I cannot eat that green stuff
Only one third of the food has arrived

We stopped at a nice restaurant in the countryside on the way back to Chengdu. We were led to a private banquet room on the second floor overlooking a tranquil pond. We sat at the typical round table with a “Lazy Susan” serving platter in the middle. There were five of us – our hosts, their son, and my wife Lisa and I. Yichen, the boy, was our interpreter, to the best of his fairly limited English skills.

Mrs. He launched into a lengthy dissertation on the culinary merits of the restaurant and the specialties of the Sichuan region. Or at least that’s what I think she said.

“My mother wants to know what you like to eat,” said Yichen.

I didn’t think they had what I like to eat in this provincial diner in Western China. No steak and new potatoes, no beef enchiladas with fresh taco chips and salsa, no pepperoni pizza.

“Whatever you would like to order is fine with us,” I politely replied.

First the waiter brought us some tea and soup. The waiter then brought a variety of appetizers. Some were delicious, some were not. Next the waiter delivered the main courses. There was enough food on the table to feed 15 people. All of these items were shared around the table by spinning the platter. It seemed that whatever landed in front of you was expected to be consumed. By luck or fate, I’m not sure which, a large bowl with a strange green substance arrived directly in front of me. I had no idea what it was. Vegetable? Meat dish? Dessert served early? Who knows.

Mr. He, who hadn’t said a word all day, started talking excitedly and waving his hands around.

“My father says that it is his favorite and you should eat,” said Yichen.

OK, I will do that. Should I check my life insurance policy first? I gingerly got a very small portion on my personally provided plastic fork. I put the fork into my mouth, faked a smile, and started chewing.

The taste exploded into my mouth. It burned hot and unbelievably caustic. I started to choke, my eyes flowed like the Yangtze River, and my body convulsed like I was spastic. A jet fuel fume burst through my sinus cavities into my brain. The taste reminded me of a mixture of turpentine and horse radish, although I don’t think I have ever drunk turpentine and horse radish, have I? I think I must have looked like Tom the Cat in those old Tom and Jerry cartoons when Jerry gets Tom to eat a load of hot peppers. My eyes bugged out, my hair stood on end, my extremities flailed and twitched. I knew that Sichuan was known for spicy food, but this was beyond belief.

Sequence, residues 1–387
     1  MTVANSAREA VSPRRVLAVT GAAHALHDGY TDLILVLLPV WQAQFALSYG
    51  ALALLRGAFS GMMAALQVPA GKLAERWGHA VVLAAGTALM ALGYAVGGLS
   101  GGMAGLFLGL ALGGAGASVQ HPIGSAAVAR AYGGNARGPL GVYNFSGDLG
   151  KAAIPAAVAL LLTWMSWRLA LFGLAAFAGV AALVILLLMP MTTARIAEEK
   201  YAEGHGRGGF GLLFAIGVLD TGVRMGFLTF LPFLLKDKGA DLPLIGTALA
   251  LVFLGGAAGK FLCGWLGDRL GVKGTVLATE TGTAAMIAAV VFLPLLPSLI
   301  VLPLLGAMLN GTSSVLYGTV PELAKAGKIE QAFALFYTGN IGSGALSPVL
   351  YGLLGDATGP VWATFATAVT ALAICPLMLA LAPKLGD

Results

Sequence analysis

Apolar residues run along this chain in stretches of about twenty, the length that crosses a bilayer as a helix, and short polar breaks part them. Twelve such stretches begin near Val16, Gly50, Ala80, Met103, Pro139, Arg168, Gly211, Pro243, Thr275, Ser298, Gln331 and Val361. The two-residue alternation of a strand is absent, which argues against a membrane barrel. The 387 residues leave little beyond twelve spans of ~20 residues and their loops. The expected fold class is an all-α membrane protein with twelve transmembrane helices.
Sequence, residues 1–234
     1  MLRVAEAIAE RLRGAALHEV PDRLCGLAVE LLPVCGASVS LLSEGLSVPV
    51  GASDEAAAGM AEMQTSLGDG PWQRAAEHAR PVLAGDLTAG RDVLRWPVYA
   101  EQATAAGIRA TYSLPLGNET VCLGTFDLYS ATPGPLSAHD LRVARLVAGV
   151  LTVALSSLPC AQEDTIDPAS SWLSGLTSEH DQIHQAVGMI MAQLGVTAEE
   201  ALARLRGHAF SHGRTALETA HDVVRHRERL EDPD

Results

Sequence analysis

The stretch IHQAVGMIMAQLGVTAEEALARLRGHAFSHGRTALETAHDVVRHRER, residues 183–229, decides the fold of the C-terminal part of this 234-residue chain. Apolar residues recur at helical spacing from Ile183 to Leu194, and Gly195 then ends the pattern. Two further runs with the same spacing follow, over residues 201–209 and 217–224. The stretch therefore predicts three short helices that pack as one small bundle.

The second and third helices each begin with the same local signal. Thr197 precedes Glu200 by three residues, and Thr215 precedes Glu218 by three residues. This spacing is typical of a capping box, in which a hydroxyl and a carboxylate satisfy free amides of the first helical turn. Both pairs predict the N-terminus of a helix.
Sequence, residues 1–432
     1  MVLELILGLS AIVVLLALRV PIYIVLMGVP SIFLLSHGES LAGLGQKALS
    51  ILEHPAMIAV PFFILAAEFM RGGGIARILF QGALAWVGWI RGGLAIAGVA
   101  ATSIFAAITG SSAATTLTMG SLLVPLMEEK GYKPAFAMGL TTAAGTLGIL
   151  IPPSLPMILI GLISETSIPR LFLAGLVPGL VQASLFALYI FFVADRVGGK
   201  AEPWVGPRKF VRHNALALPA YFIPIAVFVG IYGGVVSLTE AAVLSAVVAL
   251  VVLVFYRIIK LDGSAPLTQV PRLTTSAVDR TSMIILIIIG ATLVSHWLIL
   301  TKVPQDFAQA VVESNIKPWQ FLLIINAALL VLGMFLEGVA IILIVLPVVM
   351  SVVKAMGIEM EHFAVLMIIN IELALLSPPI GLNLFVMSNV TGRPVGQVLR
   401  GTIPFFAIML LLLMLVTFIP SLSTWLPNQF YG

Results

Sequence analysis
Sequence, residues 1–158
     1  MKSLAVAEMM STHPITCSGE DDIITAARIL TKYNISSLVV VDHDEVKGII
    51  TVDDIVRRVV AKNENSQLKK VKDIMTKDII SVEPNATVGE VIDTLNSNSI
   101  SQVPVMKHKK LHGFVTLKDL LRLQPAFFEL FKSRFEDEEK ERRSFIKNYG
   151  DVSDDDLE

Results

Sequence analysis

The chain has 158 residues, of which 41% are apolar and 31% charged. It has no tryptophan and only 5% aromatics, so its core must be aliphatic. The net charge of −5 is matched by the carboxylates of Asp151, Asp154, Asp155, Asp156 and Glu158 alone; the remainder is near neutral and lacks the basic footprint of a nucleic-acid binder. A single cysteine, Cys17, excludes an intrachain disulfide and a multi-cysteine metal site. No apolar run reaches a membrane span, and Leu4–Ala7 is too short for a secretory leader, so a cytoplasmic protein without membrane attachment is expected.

I grabbed for my Coke and hurled it down my throat. I needed something to stop the pain and sensation of burning all the way down my gastrointestinal tract from my mouth to the other end. No fire extinguishers were within sight. I think I needed some of the water from the Dujiangyan Irrigation System.

My fellow diners looked at my distress. I calmed down and weakly spun the platter.

“Well…” I said. “Not my favorite so far. Let me try something else.”

The platter came to a stop. The strange green substance was in front of Mr. He.

He smiled at me and quickly devoured the entire contents of the bowl. He kept smiling the whole time.

Tip #2. Take a small portion of an unfamiliar food

This story was one of the winners of the First Travel Blogging Competition for Travellerspoint.com at 8 Blogs to Inspire Your Next Trip.

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Adventures in Chinese Dining – Tip #1

Store in Beijing, China

I was in Shanghai to deliver some training to engineers of my company. Every morning the secretary in the office would ask me what I wanted for lunch. Due to my packed schedule, I didn’t have time to go out for lunch, so she would order lunch for me and have it delivered. The first day she listed a large number of local restaurants, along with KFC and Pizza Hut. Since I am not an adventurous eater, the mention of Western fast food caught my attention. Yes, a pepperoni pizza from Pizza Hut will do nicely. The mini-pizza was delivered piping hot and on time. It tasted delicious.

Shanghai View
A view of the Pudong area from the Bund in Shanghai

The second morning I preempted her recital of all of the restaurants I could order from by telling her right away I wanted another pizza. Today, however, I would be a little different and have a sausage pizza. Again, it was delivered piping hot and was delicious.

On the third morning, I had thoughts of really living on the edge and ordering KFC, but even in the US I rarely go to KFC. So Pizza Hut it was again, this time a combination of pepperoni and sausage. I think the secretary thought I was insane. A variety of excellent international restaurants were within walking distance of the office in downtown Shanghai, and I was only eating American fast food.